Magnum/Bad Company/Rattlesnake Remedy/Get Vegas
After getting a few pretty decent mini festivals at Chepstow castle, Welsh rock fans have now been relocated a few miles down the road to the equally photogenic Caldicot castle, specifically a nice sized flat grassy area overlooked by the ancient battlements. In the first of what I hope is many gigs, British stalwarts Magnum are bringing their familiar brand of melodic pomp, along with the even more stalwart Bad Company and newer boys Rattlesnake Remedy and get Vegas.
First up are Get Vegas, who play to a surprisingly small amount of people. Regardless of going on first and not even having a record deal, they produce some highly polished blues rock that showcases the fantastic Paul Rodgers-alike vocals of Jonny Cole. The lad's gonna get some great press in the future, and it's a good job he's got ginger hair to stop him getting too cocky (unless he goes all Hucknall on us). Although Cole is the obvious focal point, he's ably backed by the rest of the band, notably 18 year old Ric Gingell, a guitarist who balances the singers soulful barrage with some inspirational fretwork. It helps that they've come armed with some great laid back tracks as well, showing that this is certainly a band to watch out for. Check them out at http:/www.myspace.com/getvegas.
Rattlesnake Remedy seem to be everywhere, always touring but never seeming to break through as a major band. This is my first time seeing them, and as the crowd slowly swells they show just why they keep getting gigs and fans with some high energy blues rock that hints at a band that may be capable of taking on the likes of The Answer and Heaven's Basement. Singer Lee Stone certainly seems to be enjoying himself, bouncing off the crowd at every opportunity and selling himself like an Amsterdam hooker. The band are fine when they are playing the fast paced stuff, but when they go into some slower tracks my mind starts wandering and I begin to wonder exactly what all the fuss is about. There's no doubting that RR are pretty darned good at what they do, but I have a feeling that there's always going to be several bands who are going to it better.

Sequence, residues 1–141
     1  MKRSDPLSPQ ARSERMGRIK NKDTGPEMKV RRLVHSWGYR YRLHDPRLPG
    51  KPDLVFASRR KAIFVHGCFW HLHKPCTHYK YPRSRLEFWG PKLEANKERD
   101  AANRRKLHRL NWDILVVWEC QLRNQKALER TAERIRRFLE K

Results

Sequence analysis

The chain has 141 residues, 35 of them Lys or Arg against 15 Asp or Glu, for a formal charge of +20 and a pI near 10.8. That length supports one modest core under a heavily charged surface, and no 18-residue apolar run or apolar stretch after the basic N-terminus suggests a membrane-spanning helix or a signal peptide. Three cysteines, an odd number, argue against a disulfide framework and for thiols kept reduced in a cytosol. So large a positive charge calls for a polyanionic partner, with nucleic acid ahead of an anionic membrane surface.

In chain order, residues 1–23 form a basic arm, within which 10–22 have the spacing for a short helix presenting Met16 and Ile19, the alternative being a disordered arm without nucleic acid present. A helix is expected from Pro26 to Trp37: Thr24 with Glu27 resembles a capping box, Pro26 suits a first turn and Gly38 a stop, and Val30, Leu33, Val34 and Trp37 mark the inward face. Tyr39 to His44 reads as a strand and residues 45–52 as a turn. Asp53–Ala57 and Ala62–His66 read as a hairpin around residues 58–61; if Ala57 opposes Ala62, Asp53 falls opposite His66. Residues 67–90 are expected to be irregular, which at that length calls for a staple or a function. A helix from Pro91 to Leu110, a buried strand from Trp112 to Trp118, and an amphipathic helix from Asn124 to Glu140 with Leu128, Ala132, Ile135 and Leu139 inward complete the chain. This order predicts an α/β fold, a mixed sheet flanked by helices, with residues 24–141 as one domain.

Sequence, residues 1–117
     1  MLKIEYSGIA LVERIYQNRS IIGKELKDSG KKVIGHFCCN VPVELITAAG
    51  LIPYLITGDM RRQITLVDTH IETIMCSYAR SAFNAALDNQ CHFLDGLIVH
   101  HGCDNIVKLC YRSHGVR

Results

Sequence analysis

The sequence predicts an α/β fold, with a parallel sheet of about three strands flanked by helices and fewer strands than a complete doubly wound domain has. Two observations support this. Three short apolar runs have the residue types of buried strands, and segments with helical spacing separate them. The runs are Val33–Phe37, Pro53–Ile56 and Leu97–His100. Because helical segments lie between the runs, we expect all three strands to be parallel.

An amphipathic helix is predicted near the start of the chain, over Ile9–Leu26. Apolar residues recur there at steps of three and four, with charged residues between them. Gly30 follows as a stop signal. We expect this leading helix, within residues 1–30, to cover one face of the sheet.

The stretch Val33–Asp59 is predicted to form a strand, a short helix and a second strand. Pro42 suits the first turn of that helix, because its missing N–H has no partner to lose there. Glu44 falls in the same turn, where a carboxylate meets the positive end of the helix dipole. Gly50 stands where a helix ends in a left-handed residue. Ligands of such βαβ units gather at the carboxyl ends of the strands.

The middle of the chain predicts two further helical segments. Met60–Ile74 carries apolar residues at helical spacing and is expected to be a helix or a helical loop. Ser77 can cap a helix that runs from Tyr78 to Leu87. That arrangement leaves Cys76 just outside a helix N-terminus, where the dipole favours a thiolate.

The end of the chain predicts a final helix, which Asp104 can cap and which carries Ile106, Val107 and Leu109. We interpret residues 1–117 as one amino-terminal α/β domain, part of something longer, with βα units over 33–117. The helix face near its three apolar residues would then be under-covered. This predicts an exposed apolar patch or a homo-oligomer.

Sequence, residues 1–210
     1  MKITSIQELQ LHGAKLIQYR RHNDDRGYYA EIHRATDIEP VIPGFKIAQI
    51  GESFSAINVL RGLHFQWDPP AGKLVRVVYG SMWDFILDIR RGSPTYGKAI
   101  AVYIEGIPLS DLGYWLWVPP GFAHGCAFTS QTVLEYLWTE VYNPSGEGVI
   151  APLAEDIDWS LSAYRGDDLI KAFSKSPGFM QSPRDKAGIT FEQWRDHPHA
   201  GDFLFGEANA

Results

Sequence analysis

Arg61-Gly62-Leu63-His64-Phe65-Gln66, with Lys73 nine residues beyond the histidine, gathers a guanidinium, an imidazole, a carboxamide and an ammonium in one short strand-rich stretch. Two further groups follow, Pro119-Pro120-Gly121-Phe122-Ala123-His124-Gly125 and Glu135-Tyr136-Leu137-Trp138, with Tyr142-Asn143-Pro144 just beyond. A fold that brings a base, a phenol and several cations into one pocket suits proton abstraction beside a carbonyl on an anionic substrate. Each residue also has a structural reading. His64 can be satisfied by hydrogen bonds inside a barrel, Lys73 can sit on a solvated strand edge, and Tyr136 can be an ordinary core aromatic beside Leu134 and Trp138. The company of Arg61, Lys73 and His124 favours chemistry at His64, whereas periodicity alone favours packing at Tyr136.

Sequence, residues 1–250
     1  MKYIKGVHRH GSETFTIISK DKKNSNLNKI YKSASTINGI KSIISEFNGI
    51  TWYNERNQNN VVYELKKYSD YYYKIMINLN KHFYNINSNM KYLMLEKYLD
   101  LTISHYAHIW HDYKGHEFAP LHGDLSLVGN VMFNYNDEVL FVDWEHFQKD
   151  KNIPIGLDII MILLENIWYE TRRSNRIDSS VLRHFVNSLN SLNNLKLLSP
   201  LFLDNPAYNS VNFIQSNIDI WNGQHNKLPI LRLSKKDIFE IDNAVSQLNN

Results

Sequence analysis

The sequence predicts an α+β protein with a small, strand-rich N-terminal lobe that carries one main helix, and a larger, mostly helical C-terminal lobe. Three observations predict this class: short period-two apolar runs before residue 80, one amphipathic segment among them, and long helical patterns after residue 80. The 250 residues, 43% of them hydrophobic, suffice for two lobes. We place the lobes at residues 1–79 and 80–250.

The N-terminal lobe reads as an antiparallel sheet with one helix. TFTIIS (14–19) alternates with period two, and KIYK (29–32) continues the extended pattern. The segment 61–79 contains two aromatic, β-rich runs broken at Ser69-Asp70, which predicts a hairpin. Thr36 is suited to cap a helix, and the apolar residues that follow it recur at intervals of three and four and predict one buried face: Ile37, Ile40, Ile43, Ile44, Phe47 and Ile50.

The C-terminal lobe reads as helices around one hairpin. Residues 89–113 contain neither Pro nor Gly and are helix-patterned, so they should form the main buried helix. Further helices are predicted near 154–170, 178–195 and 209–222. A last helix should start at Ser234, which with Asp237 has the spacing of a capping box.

From the off, it's quite obvious that Bad Company's Robert Hart is either drunk or just having a really good time on stage tonight. I decide it must be the latter, as he just doesn't stop smiling, even when posing Playgirl-like for a fan as he's sings “Fell Like Making Love” without dropping a note. There's some debate as to whether this is Bad Company or not in some circles, but with Mick Ralps and Dave Colwell backing a truly great singer (who was in the band himself anyway), then I feel they have every right to use the name. Hart seems to have decided that he's going to be Mr Entertainer anyway, stalking the stage like a man possessed whilst delivering the sort of vocals that the songs deserve. At the back, Harry James settles in for a 2 set night, taking a break from Thunder to play with both Bad Company and Magnum. The setlist is a bit of a wet dream for some, with the likes of “Good Lovin' Gone Bad”, “Deal With The Preacher” and “Ready For Love” showcasing the talents of the three guys at the front, and also their apparent joy in each others (bad) company. Personally, it was great to hear “Seagull”, one of my all time favourite songs, and a nice touch was Hart introducing “Fire & Water” as 'our tribute to Free', before doing a sterling job on it. They finish a triumphant set with a strange version of “Shooting Star” (strange because Hart totally forgets the words), and the obligatory “Can't Get Enough”. It's odd that this is my first time seeing Bad Company after all these years, but it was worth the wait. Rodgers of no Rodgers, Bad Company will still give you a hell of a show.
There was a slight worry that Bob Catley might not have been here today, as he was traveling back from Wacken, where he sang with headliners Avantasia. Luckily, everything went smoothly and he was jetted back in time. As the gig is in the height of Summer, Magnum are the only band that actually get to play in the dark. They open with old favourite “Back To earth”, and the stage is bathed in some pretty impressive lights that add nicely to the atmosphere. For the first few songs it almost seems like Bob is a bit knackered from his travels, but thankfully he soon shakes it off and is back to his usual traffic directing self. We get a set that compresses their recent “Wings Of Heaven” anniversary tour a bit, dropping out the likes of “One Step Away” and “Pray For the Day”, but still hurling such great songs as “Midnight”, “Days Of No Trust” and “When We Were Younger” at us. The crowd is hugely appreciative, even though the arena is only about a quarter full. The band are tight as ever, with Bob and bassist Al Barrow providing the movement whilst guitarist Tony Clarkin is content as ever to stay in his corner and pull off riffs and solos with apparent ease. The set ends with the brilliant “Don't Wake The Lion”, a song that never fails to mesmerize, before the band wander off and return for the unavoidable “Kingdom Of Madness”. Pretty much faultless performances by Magnum and Bad Company ensure that everyone goes away happy, with the two opening bands showing that there's plenty more to look forward to in the future. See you next year? Let's hope so.
Review & Photos by Alan Holloway